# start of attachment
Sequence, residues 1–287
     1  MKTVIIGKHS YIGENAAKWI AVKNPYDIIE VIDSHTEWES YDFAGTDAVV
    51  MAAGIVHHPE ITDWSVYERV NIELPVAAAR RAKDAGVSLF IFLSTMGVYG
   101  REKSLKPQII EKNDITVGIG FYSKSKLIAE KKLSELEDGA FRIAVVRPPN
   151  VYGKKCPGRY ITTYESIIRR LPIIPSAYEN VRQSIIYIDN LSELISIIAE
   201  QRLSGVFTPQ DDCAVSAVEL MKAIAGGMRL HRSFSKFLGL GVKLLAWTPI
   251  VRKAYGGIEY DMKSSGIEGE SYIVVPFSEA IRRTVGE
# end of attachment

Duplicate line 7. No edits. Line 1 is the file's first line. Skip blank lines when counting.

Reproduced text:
   251  VRKAYGGIEY DMKSSGIEGE SYIVVPFSEA IRRTVGE